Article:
Mary Gunn Tells of Flood
Contributed by Inez Erwin

 

1986 Morrow County Chronicles, Volume V
Page 6-7
Morrow County Historical Society

    Pretty little Mary Gunn tells Detroit Free Press how herself and other Gunn children escaped from the flood and of the drowning of her parents:  "It was all so terrible and so sudden that we could scarcely realize what was happening.  Father and mother and we children, except Belle, were in the house when the flood came.  A heavy storm of rain and hail with peals of thunder had just passed over the town, and it appeared that it was nearly over.  Suddenly the noise increased and father looked out of the window.  Our house was on the corner of Main and Church streets and diagonally across Main street was the house of Mr. Redfield.  As father looked out of the window he saw Mr. Redfield's house moving directly toward him, and it was then half across the street.  He saw the water surging about the street, and he realized at once what had happened. He quickly called for us to run for the hills."

    "We got out of the house through the back way and started on a run back from the street.  We children were ahead.  Behind us were our father and mother and a young woman and her baby sister a year old who were making a call when the flood came.  Father had the baby in his arms, and behind him and almost up to him we could see the waves and the debris of torn-up houses.  Back of our house was the church and right at the church door mother fell, apparently exhausted from running.  With the baby in his arms, father stooped to assist her, when the heavy body of water rolled over them and buried them beneath it.  We were but a block and a half ahead on higher land, and had they reached where we were they would have been safe.  We had barely kept in advance of the flood, it being knee deep in some places."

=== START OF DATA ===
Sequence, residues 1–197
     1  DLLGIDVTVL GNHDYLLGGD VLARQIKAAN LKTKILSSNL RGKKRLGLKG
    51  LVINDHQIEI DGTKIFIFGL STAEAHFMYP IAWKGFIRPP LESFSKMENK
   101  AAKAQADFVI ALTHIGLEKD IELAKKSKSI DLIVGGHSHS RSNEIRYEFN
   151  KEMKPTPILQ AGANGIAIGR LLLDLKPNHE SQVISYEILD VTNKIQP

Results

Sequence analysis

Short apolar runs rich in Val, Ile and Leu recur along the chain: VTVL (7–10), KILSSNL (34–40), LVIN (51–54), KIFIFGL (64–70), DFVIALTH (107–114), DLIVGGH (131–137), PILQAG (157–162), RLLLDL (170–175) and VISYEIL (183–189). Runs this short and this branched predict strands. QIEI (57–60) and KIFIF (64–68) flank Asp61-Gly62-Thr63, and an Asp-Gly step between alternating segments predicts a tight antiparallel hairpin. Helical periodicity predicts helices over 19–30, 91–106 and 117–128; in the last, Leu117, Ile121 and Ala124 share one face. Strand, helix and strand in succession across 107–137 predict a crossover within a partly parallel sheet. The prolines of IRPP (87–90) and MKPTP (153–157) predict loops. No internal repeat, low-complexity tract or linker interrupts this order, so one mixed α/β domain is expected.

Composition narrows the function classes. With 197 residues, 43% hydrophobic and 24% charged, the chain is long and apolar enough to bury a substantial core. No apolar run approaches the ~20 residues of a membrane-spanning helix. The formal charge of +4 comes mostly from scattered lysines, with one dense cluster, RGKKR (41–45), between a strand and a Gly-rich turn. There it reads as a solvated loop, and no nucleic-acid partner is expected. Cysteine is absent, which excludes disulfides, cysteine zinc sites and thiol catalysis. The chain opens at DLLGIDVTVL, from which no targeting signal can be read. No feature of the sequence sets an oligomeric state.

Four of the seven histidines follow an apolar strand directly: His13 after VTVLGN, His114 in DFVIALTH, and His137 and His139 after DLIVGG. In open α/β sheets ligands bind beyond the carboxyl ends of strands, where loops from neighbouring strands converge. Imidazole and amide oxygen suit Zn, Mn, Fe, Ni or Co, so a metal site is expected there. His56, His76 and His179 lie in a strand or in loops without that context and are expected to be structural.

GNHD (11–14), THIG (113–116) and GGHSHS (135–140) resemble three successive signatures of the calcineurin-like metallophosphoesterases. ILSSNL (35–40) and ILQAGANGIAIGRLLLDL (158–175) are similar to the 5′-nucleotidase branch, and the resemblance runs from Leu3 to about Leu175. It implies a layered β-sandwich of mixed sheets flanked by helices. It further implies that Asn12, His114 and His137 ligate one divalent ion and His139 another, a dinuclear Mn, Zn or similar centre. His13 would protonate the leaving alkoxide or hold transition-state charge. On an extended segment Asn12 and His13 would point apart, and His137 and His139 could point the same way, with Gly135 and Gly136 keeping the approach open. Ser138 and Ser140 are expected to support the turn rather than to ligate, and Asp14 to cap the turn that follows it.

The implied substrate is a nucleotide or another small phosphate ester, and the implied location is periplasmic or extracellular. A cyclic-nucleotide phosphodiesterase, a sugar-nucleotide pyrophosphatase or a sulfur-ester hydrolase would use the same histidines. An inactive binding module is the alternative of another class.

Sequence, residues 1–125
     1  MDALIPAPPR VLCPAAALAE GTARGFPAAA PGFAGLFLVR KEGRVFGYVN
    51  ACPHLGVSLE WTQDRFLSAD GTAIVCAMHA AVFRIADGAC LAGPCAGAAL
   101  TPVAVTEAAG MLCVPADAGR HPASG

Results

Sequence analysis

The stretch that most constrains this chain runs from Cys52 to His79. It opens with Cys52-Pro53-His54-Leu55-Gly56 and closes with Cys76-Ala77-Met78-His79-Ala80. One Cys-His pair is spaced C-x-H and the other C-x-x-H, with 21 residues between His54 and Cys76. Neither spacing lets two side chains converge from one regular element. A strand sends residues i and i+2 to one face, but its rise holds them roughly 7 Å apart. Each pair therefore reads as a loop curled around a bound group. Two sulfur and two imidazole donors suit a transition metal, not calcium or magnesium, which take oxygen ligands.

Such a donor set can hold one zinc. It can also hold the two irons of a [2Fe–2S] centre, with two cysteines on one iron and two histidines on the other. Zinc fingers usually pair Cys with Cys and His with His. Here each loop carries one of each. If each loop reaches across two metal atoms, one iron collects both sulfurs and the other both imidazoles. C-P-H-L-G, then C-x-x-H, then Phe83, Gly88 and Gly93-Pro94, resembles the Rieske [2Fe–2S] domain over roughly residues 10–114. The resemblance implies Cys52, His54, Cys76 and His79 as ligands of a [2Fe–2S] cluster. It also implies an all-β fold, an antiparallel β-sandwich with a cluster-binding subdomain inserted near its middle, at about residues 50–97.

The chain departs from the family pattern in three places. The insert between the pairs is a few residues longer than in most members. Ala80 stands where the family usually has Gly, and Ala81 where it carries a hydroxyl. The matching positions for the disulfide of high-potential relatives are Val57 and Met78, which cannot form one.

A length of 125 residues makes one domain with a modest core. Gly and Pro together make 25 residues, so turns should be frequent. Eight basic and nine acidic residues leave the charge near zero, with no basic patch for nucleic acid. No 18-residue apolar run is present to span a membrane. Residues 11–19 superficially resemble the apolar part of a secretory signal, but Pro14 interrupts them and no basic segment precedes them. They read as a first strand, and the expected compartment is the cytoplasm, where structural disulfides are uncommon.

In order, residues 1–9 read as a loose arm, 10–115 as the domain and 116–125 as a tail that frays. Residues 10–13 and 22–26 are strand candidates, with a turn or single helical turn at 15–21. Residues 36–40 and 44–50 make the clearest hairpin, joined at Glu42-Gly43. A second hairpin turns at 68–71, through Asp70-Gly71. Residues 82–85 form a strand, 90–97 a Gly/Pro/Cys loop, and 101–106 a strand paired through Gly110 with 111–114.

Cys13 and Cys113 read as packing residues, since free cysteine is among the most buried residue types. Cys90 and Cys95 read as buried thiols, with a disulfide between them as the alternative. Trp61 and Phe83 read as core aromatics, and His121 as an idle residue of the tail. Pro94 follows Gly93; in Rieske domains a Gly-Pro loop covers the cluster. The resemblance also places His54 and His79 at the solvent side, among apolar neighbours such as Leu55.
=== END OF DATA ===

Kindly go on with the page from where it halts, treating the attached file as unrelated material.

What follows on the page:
"Belle was at the home of a neighbor farther up on higher ground and was at no time in danger.  Our house was swept away and totally demolished, and for two blocks in width through the entire town, 200 houses were torn away, including all the best residences."

(This story probably came from a Heppner paper, dated 1903.  It was found in Inez's Chronicles notes and we feel sure she intended for it to be printed.  Ed.)

Copyright 1986 Morrow County Historical Society 

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